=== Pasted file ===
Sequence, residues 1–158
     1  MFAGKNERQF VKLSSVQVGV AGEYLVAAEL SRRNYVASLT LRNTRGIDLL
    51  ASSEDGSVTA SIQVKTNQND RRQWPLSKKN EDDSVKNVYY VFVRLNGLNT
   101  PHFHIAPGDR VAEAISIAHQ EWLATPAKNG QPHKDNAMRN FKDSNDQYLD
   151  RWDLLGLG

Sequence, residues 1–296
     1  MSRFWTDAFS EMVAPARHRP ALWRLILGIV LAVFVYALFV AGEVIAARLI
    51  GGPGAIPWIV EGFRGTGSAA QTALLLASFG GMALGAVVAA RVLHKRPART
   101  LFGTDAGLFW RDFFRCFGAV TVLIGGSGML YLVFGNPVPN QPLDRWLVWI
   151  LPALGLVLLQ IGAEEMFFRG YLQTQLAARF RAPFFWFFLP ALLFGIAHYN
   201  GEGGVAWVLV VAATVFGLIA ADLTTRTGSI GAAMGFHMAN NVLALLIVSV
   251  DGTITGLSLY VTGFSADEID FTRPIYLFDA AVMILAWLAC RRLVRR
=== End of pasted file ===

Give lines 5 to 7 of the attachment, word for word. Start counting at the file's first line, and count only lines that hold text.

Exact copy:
   151  RWDLLGLG

Sequence, residues 1–296
     1  MSRFWTDAFS EMVAPARHRP ALWRLILGIV LAVFVYALFV AGEVIAARLI